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A Comprehensive Review of Developmental Psychology by Elizabeth Hurlock


Developmental Psychology by Elizabeth Hurlock: A Book Review




Developmental psychology is the scientific study of how humans change and grow throughout their lifespan, from conception to old age. It covers various aspects of human development, such as physical, cognitive, social, emotional, and personality development. Developmental psychology also examines how different factors, such as genetics, environment, culture, and education, influence human development.




Developmental Psychology Elizabeth Hurlock.pdf



One of the classic books on developmental psychology is Developmental Psychology by Elizabeth Hurlock, first published in 1956 and revised several times until 1980. This book provides a comprehensive and systematic overview of the major theories, concepts, methods, and findings in developmental psychology. It also illustrates how developmental psychology can be applied to various fields, such as education, health, parenting, and social work.


In this article, I will review Developmental Psychology by Elizabeth Hurlock and evaluate its strengths and limitations. I will also discuss its relevance for contemporary psychology and suggest some further reading for those who are interested in learning more about developmental psychology.


Introduction




Who is Elizabeth Hurlock?




Elizabeth Hurlock was an American psychologist who was born in 1898 and died in 1988. She received her Ph.D. in psychology from Columbia University in 1925 and became a professor at the University of Pennsylvania in 1930. She was one of the pioneers in developmental psychology and child psychology. She wrote several books and articles on topics such as child development, adolescence, personality, mental hygiene, and sex education. She was also involved in various professional organizations and social causes, such as the American Psychological Association, the National Council on Family Relations, and the Planned Parenthood Federation.


What is developmental psychology?




Developmental psychology is a branch of psychology that studies how humans change and grow throughout their lifespan. It aims to describe, explain, predict, and influence human development across different domains, such as physical, cognitive, social, emotional, and personality development. Developmental psychology also explores how different factors, such as genetics, environment, culture, and education, affect human development.


Developmental psychology has several subfields that focus on specific stages or aspects of human development. Some examples are prenatal development (the period before birth), infancy (the first two years of life), childhood (from two to twelve years), adolescence (from twelve to eighteen years), adulthood (from eighteen to sixty-five years), and aging (from sixty-five years onward). Other examples are moral development (the development of ethical values and judgments), gender development (the development of gender identity and roles), emotional development (the development of feelings and expressions), and social development (the development of interpersonal relationships and social skills).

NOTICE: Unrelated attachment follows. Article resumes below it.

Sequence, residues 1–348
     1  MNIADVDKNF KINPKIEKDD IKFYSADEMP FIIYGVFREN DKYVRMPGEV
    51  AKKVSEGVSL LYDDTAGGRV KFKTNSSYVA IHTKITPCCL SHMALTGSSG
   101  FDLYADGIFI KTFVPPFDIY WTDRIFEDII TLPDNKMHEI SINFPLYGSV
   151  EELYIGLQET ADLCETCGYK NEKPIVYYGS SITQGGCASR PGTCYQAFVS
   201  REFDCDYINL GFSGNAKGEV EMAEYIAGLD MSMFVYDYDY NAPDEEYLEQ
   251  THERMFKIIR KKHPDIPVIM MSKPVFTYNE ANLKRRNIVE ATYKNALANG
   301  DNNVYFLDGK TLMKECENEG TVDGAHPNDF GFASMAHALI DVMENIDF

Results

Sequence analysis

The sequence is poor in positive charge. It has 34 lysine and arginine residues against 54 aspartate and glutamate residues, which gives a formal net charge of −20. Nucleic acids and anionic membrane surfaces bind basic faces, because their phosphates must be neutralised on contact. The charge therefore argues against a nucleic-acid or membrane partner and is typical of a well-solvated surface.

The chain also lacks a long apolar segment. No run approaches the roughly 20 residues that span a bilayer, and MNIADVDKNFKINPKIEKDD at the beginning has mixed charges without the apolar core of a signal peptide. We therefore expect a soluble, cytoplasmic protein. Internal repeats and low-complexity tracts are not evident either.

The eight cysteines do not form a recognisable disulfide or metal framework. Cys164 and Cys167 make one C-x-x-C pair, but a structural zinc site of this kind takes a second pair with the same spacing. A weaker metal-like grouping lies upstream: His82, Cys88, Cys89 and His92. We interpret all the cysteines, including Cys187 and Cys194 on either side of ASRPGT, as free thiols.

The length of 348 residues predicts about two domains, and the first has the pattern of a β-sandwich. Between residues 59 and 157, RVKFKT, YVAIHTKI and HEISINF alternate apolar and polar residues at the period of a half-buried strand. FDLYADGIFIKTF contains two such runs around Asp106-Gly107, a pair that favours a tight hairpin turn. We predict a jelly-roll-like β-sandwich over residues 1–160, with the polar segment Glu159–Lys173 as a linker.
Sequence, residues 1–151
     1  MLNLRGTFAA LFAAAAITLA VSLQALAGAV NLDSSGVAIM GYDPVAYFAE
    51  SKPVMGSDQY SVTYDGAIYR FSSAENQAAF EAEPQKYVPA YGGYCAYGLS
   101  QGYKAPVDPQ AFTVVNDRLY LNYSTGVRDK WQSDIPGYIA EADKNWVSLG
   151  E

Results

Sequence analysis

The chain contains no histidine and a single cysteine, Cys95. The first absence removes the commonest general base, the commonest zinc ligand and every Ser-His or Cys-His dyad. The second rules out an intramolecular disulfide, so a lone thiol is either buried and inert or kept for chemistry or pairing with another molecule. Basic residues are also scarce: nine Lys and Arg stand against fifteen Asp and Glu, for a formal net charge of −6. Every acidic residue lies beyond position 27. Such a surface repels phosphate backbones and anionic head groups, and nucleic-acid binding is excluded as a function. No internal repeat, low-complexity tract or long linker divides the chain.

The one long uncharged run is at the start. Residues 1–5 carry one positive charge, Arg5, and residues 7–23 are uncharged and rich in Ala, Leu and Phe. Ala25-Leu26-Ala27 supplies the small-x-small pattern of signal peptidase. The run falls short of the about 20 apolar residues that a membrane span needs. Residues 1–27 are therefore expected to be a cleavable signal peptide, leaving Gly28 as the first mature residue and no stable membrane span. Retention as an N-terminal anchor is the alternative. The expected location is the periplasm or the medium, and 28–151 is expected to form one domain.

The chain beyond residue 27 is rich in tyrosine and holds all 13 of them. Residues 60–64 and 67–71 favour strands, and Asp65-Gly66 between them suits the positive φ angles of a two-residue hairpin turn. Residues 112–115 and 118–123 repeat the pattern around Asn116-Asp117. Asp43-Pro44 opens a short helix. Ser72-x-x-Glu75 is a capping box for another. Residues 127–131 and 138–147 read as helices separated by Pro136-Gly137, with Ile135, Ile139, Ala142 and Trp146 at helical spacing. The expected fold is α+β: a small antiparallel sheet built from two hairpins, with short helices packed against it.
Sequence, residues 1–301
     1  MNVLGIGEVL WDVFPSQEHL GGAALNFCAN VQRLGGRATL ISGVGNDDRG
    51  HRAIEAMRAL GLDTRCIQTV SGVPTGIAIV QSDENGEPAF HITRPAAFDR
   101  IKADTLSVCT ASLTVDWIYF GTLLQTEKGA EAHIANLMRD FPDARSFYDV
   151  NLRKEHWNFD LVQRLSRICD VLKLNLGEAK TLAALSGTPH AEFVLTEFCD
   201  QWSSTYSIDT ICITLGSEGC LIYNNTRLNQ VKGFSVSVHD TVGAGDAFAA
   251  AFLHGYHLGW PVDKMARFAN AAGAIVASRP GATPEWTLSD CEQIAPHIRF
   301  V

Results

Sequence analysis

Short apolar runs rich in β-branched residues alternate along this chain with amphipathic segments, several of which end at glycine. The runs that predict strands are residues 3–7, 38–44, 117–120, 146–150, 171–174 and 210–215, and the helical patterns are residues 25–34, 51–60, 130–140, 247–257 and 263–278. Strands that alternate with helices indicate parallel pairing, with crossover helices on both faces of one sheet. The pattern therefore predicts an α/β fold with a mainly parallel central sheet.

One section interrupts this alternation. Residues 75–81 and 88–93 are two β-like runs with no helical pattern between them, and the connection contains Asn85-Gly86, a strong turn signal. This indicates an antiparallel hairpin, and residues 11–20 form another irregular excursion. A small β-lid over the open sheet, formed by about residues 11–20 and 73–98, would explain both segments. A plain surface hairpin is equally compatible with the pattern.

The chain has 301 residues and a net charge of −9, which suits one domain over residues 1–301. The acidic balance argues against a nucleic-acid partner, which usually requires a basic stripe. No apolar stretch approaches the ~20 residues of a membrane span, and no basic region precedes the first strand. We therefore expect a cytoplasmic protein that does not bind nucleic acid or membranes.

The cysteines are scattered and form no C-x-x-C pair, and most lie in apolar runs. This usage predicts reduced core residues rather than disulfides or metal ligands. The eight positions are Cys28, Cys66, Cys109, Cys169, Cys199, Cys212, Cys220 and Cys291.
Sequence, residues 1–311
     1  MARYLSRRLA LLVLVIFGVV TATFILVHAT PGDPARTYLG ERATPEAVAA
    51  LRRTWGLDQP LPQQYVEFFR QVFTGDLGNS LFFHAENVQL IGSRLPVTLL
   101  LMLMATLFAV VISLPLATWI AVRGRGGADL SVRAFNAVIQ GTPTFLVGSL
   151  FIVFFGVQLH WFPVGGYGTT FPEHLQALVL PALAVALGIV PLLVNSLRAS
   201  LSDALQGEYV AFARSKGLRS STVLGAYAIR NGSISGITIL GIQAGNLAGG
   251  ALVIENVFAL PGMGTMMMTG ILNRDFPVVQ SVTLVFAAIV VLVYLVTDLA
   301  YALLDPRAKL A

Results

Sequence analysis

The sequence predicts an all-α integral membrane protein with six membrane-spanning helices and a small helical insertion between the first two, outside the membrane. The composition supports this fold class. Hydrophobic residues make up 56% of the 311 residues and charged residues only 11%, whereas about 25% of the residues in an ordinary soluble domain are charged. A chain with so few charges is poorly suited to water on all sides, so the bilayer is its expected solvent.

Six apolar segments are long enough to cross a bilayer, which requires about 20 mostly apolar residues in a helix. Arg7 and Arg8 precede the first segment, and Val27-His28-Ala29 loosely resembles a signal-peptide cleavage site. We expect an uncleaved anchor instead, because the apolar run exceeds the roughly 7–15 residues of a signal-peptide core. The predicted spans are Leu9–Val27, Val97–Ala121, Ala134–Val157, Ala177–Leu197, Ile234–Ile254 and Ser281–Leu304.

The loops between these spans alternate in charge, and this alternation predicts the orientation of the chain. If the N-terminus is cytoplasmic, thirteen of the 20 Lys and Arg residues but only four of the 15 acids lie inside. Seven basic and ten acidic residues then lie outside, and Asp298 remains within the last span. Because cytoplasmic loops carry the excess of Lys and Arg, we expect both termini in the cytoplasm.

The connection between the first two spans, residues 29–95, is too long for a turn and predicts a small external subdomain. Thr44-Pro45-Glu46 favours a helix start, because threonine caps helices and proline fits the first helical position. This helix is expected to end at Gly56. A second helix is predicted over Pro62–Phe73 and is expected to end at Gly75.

What are the main themes of the book?




The book Developmental Psychology by Elizabeth Hurlock covers the following main themes:



  • The nature and scope of developmental psychology, including its history, goals, methods, and applications.



  • The biological basis of development, including the role of genes, hormones, brain, and nervous system in human development.



  • The development of motor skills, including the stages, factors, and problems of motor development.



  • The development of sensory and perceptual processes, including the development of vision, hearing, touch, taste, smell, and kinesthesia.



  • The development of learning and memory, including the types, stages, factors, and problems of learning and memory development.



  • The development of intelligence, including the definition, measurement, theories, and factors of intelligence development.



  • The development of language and communication, including the stages, factors, and problems of language and communication development.



  • The development of personality and emotions, including the definition, theories, factors, and problems of personality and emotion development.



  • The development of social behavior, including the stages, factors, and problems of social behavior development.



Summary of the book




Chapter 1: The Nature and Scope of Developmental Psychology




In this chapter, Hurlock introduces the field of developmental psychology and its history, goals, methods, and applications. She traces the origins of developmental psychology to ancient philosophers such as Plato and Aristotle, who speculated about the nature and nurture of human beings. She also discusses the contributions of modern psychologists such as Darwin, Freud, Piaget, Erikson, Skinner, and Bandura to the development of developmental psychology. She then explains the four main goals of developmental psychology: to describe how humans change and grow throughout their lifespan; to explain why humans change and grow in certain ways; to predict how humans will change and grow in the future; and to influence how humans can change and grow for the better. She also describes the various methods that developmental psychologists use to collect and analyze data on human development. These methods include observation (naturalistic or controlled), experimentation (laboratory or field), longitudinal study (following the same individuals over time), cross-sectional study (comparing different individuals at different ages), sequential study (combining longitudinal and cross-sectional methods), case study (focusing on a single individual in depth), survey (using questionnaires or interviews), correlation (measuring the relationship between two variables), and meta-analysis (combining the results of several studies). She also discusses the ethical issues that developmental psychologists face when conducting research on human subjects. Finally, she illustrates how developmental psychology can be applied to various fields such as education (e.g., designing curricula and teaching methods), health (e.g., promoting physical and mental well-being), parenting (e.g., providing guidance and support), and social work (e.g., helping individuals cope with life challenges).